* While nowadays it is common for men to make ceramic pots, the moving film ‘Women Potters of Cyprus‘ by Dr. Gloria London shows women potters still using ancient techniques today.


Barber, Elizabeth Wayland (2013). The Dancing Goddesses, New York: Norton.

Yosef Garfinkel (2003). Dancing at the Dawn of Agriculture. Austin: University of Texas Press.

Marija Gimbutas (1991). The Language of the Goddess (paperback edition). San Francisco: HarperCollins.

Laura Shannon (2020). ‘Symbols of the Goddess in Balkan Women’s Dance’, in Williamson, A. and Sellers-Young, B. (eds.) Spiritual Herstories: Call of the Soul in Dance Research. Chicago: Intellect, 104-131

Laura Shannon (2011). ‘Women’s Ritual Dances: An Ancient Source of Healing in our Time’, in Dancing on the Earth: Women’s Stories of Healing Through Dance, edited by Johanna Leseho and Sandra McMaster. Findhorn Press, 138–157.—

BIO Laura Shannon is one of the ‘grandmothers’ of the worldwide Sacred / Circle Dance movement. She trained in Intercultural Studies (1986) and Dance Movement Therapy (1990), holds an M.A. in Myth, Cosmology, and the Sacred from Canterbury Christ Church University (2020), and is currently a PhD candidate at the University of Gloucester (U.K.). Her research in Balkan dance highlights out songs, dances, rituals and textile patterns which descend from the Goddess cultures of Neolithic Old Europe, and which embody an ancient worldview of sustainability, community, and reverence for the earth. Laura is a longtime faculty member of the Sacred Dance department of the Findhorn eco-spiritual community in Scotland, an Honorary Lifetime Member of the Sacred Dance Guild, Founding Director of the non-profit Athena Institute for Women’s Dance and Culture, and Carol P. Christ’s choice to succeed her as Director of the Ariadne Institute for the Study of Myth and Ritual. Her articles and essays on women’s ritual dances have appeared in numerous publications. Laura lives in Greece and the UK.

Author: Laura Shannon

Laura Shannon has been researching and teaching traditional women’s ritual dances since 1987. She is considered one of the ‘grandmothers’ of the worldwide Sacred / Circle Dance movement and gives workshops in over twenty countries worldwide. Laura holds an honours degree in Intercultural Studies (1986) and a diploma in Dance Movement Therapy (1990). She has also dedicated much time to primary research in Balkan and Greek villages, learning songs, dances, rituals and textile patterns which have been passed down for many generations, and which embody an age-old worldview of sustainability, community, and reverence for the earth. Laura’s essay ‘Women’s Ritual Dances: An Ancient Source of Healing in Our Times’, was published in Dancing on the Earth. Also a musician, Laura performs throughout Europe and in the USA with her partner Kostantis Kourmadias.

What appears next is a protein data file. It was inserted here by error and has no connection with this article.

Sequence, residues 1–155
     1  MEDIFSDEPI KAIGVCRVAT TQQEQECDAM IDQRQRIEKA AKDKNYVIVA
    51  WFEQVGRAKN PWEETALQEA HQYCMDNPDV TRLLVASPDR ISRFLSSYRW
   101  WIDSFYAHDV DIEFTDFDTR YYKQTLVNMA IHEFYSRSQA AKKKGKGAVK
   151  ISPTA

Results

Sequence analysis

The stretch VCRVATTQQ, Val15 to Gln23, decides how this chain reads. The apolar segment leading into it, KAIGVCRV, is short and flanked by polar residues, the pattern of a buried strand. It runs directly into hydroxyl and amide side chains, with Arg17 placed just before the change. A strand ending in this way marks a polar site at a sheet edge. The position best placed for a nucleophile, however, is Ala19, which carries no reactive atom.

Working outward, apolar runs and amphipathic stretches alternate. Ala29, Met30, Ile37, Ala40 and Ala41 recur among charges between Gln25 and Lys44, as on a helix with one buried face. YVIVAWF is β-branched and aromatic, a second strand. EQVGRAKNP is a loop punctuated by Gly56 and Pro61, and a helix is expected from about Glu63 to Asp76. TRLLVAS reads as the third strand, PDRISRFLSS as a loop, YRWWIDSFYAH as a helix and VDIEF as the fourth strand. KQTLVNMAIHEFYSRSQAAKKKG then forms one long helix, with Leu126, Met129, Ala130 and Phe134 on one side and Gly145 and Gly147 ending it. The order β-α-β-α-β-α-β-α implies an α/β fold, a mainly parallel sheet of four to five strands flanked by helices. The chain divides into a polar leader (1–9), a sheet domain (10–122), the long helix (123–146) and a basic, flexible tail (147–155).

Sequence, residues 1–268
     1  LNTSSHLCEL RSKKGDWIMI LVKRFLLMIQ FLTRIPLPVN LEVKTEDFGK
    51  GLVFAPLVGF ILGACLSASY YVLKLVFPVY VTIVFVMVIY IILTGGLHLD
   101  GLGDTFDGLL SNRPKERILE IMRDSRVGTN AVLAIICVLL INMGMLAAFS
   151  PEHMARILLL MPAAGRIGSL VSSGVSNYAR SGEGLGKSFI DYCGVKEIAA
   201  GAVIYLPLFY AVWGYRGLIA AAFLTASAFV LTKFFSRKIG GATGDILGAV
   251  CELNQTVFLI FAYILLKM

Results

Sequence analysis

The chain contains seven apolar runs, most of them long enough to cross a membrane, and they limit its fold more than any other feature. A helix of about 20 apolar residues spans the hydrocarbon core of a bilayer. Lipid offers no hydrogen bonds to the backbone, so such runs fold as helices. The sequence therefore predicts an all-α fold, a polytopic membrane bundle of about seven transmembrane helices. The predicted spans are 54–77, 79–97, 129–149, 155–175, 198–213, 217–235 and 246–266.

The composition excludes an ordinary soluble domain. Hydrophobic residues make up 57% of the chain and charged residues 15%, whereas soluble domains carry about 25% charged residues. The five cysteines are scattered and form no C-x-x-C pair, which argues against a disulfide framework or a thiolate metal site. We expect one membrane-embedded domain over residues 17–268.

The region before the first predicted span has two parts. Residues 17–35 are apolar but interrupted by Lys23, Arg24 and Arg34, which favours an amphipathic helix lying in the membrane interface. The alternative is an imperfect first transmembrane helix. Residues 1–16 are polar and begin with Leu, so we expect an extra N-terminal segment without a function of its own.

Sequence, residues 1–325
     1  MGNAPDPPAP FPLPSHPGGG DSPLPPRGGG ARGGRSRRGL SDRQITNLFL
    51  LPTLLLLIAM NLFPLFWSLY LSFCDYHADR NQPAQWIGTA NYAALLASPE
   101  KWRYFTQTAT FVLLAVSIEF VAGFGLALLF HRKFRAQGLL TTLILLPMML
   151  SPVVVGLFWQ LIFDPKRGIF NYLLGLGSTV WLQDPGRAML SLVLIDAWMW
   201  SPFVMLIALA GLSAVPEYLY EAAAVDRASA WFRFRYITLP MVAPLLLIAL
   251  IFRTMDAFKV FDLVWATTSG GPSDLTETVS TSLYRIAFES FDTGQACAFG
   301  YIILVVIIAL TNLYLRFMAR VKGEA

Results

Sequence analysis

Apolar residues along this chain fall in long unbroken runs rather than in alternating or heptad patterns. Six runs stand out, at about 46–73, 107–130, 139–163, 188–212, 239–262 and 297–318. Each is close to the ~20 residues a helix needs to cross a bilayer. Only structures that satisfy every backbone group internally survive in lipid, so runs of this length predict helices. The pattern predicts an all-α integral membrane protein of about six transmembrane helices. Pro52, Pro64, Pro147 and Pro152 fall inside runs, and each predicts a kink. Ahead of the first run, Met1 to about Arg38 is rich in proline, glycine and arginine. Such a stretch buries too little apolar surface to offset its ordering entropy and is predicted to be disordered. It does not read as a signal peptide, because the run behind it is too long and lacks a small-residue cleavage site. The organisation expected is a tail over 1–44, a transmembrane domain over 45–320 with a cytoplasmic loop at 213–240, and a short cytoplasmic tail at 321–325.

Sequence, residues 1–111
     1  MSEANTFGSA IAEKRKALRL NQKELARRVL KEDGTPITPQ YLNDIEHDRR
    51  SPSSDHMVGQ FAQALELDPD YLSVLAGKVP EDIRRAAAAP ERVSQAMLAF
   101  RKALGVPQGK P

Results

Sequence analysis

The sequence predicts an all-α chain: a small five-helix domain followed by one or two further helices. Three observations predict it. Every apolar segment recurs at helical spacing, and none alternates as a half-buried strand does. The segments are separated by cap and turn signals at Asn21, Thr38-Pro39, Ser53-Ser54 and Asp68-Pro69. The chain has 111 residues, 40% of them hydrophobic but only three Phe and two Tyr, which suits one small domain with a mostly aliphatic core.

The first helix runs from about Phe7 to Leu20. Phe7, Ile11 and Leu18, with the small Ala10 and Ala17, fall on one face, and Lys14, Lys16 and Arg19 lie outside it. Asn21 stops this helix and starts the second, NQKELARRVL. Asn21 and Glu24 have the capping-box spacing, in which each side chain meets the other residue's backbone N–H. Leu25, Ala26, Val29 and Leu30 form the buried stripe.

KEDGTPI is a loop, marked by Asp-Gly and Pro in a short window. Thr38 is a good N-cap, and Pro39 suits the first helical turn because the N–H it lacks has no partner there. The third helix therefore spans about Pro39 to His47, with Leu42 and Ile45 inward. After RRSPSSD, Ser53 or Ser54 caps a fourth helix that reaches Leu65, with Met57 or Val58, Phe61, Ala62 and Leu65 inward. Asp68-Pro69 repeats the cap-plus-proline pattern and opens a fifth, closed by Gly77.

3 thoughts on “Woman’s Sacred Hand – and Handkerchief by Laura Shannon”

  1. The ancient interwoven symbols of hand, womb, and eye combined to signifying female creative power remind us of who we are! Thank you for those wonder-filled images. Learning of how and why the handkerchief, in women’s ritual dance, plays a valuable role in maintaining a cohesive, egalitarian women’s community expanded my consciousness!

    Your descriptions and explanations of a world of ritual dance lost to me was more than enlightening—it makes me long for the experience you’ve described. I value all your efforts to help women reclaim our heritage.

    As a textile-enthusiast, I’ve long-carried a handkerchief with me when leaving the house. I carefully tuck it into the pocket of my trousers. I have tended to view my handkerchief as a useful object, Yet, I carefully chose which handkerchief I carry. I always iron it smooth. In hindsight, I can now see carrying my handkerchief as a ritual act.

    The usefulness of a soft clean handkerchief should not be underestimated! While on the 2023 Goddess Pilgrimage I broke my shoulder. For the entire two week trip I wore a sling to stabilize my arm. The nylon strap that went around my neck was quite irritating to my skin. I immediately tucked my cotton handkerchief around the strap to protect and to sooth my skin. Those handkerchiefs I had packed did become sacred and protective objects.

    Marija Gimbutas insisted that, “The Old Anatolian, Old European sacred images and symbols were never totally uprooted; these most persistent features in human history were too deeply rooted in the human psyche.” (from The Language of the Goddess p. 318) Now I will add the handkerchief as another object from my daily life which links me to my ancestors.


  2. I once asked a group of students to list 25 uses for a handkerchief as a creativity exercise. My list has expanded thanks to your very informative article Laura.